All these efforts may ultimately lead to the recognition that the Guiding Principles should be transformed into a universal convention on the protection of IDPs or even that they should be recognised as an expression of international customary law. This would be binding upon all countries regardless of whether they have incorporated the Principles into domestic law or ratified regional instruments that might be adopted in the future.
Walter Kälin is the Representative of the UN Secretary-General on the Human Rights of Internally Displaced Persons, Co-Director of the Brookings-Bern Project on Internal Displacement and professor of constitutional and international law at Bern University, Switzerland. Email: email@example.com
 For the drafting history of the Guiding Principles see e.g., Roberta Cohen, The Guiding Principles on Internal Displacement: An Innovation in International Standard Setting, Global Governance 10 (2004), 459–480, at 460 – 465; Simon Bagshaw, Developing a Normative Framework for the Protection of Internally Displaced Persons, New York 2005;; and Thomas G. Weiss/David A. Korn, Internal Displacement – Conceptualization and its consequences, London and New York 2006, at 55 – 70.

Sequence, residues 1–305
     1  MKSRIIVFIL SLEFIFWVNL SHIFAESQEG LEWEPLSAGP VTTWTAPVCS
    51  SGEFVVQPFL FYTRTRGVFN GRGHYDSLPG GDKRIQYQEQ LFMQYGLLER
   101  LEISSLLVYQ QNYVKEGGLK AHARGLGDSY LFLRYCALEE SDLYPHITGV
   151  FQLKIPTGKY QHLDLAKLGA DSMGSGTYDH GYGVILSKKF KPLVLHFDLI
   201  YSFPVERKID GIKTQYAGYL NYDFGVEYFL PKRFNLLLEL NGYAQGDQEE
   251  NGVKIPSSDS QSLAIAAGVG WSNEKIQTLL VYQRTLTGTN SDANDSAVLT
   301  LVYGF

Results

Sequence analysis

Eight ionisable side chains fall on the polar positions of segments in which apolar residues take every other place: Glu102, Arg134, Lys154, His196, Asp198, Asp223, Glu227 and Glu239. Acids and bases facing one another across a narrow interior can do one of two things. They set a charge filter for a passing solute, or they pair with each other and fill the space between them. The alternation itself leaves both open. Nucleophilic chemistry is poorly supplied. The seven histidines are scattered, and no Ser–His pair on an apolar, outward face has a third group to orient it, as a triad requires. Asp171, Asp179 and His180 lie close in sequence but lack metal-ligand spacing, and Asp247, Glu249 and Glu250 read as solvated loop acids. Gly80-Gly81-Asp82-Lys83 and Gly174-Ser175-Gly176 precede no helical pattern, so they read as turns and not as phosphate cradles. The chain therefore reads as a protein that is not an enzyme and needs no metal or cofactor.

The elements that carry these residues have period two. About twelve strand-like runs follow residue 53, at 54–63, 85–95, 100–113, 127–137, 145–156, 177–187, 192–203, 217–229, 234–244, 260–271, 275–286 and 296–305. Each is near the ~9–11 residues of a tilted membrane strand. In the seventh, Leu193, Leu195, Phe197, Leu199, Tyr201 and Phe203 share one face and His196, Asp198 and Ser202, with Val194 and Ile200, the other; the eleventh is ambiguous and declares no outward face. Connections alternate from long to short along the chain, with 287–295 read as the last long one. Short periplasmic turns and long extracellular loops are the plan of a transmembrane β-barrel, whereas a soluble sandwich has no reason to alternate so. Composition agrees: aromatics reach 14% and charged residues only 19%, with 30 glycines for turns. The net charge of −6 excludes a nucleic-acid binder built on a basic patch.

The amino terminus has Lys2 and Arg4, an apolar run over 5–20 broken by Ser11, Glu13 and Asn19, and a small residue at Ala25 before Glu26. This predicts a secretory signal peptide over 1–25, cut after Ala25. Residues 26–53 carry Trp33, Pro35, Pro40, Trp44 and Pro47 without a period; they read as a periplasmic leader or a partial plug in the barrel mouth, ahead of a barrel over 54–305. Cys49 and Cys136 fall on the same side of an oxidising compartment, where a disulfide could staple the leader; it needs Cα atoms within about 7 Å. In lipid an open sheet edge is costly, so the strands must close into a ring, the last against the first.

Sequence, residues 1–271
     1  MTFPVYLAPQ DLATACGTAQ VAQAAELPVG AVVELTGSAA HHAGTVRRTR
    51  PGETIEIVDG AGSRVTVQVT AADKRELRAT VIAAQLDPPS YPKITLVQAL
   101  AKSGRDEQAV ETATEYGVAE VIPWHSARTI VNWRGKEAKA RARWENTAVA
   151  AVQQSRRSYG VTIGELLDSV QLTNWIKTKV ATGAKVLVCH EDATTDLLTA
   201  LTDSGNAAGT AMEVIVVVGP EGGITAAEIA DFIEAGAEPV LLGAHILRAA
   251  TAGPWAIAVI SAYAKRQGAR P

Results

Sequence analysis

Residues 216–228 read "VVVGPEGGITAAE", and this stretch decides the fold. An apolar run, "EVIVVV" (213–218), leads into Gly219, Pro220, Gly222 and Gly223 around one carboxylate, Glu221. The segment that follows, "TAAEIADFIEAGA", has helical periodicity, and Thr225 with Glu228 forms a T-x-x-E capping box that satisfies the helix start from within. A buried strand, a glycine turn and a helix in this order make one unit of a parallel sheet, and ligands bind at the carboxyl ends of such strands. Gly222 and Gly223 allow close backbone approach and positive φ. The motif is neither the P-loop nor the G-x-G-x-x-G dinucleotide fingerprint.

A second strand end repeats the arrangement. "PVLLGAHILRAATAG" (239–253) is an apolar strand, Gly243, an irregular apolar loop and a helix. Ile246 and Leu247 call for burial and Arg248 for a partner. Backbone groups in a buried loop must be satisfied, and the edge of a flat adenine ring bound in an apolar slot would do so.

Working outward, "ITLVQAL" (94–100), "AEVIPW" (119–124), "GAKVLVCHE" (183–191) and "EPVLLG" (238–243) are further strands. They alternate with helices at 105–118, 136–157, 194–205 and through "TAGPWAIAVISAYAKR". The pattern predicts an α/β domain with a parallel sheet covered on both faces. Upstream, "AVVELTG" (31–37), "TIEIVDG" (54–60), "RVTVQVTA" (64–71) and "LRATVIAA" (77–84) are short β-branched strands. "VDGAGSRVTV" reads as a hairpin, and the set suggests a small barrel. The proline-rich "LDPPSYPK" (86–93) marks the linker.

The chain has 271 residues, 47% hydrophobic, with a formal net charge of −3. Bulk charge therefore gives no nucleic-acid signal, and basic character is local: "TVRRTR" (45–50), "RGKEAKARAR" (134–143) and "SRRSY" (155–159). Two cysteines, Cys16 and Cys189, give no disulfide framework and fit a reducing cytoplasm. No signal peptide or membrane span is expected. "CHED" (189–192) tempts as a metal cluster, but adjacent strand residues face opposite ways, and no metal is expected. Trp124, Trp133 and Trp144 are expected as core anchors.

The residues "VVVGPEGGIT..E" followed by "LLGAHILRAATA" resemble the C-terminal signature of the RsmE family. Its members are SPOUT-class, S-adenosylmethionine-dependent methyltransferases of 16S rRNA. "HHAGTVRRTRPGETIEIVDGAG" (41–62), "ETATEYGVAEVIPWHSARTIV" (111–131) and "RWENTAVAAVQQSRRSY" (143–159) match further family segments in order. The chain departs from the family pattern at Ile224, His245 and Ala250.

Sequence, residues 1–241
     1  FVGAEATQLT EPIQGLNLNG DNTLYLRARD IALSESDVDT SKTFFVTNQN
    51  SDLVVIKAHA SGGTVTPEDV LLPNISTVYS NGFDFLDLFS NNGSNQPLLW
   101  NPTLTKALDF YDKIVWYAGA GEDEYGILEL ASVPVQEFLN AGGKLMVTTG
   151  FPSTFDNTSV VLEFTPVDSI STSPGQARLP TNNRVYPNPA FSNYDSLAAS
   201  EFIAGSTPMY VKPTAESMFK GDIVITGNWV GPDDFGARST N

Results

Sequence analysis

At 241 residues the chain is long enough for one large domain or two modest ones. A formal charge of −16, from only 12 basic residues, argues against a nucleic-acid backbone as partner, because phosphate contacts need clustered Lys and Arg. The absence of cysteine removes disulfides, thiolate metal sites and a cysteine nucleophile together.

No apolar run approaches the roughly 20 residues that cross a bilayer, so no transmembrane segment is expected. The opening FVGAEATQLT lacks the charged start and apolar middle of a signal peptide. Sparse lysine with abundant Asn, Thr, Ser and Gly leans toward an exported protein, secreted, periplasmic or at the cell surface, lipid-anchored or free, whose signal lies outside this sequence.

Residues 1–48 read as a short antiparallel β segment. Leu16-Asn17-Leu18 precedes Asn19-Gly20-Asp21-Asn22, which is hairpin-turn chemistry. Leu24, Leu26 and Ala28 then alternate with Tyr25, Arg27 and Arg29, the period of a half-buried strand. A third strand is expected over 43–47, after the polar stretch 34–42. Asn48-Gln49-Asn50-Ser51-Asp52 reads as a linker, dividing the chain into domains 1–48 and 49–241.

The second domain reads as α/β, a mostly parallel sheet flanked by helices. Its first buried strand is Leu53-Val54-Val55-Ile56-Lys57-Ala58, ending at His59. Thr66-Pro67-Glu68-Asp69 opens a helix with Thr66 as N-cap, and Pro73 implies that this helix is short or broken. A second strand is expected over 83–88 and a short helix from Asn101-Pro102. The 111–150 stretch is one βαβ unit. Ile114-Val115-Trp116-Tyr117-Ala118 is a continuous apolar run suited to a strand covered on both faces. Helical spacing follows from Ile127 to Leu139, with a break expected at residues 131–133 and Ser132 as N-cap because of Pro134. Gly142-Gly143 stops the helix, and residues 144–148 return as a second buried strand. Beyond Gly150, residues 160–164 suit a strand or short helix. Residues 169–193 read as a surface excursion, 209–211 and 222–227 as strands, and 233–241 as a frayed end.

See Walter Kälin, Guiding Principles on Internal Displacement, Annotations, Washington D.C. 2000, highlighting in detail the legal basis for each of the Principles.
 For more information about recent progress, see www.brook.edu/fp/projects/idp/idp_policies.htm and http://refugeelaw.qeh.ox.ac.uk/pdfs/chaloka-beyani-working-paper-april-…
 2005 World Summit Outcome, UN Doc A/60/L.1, para. 132.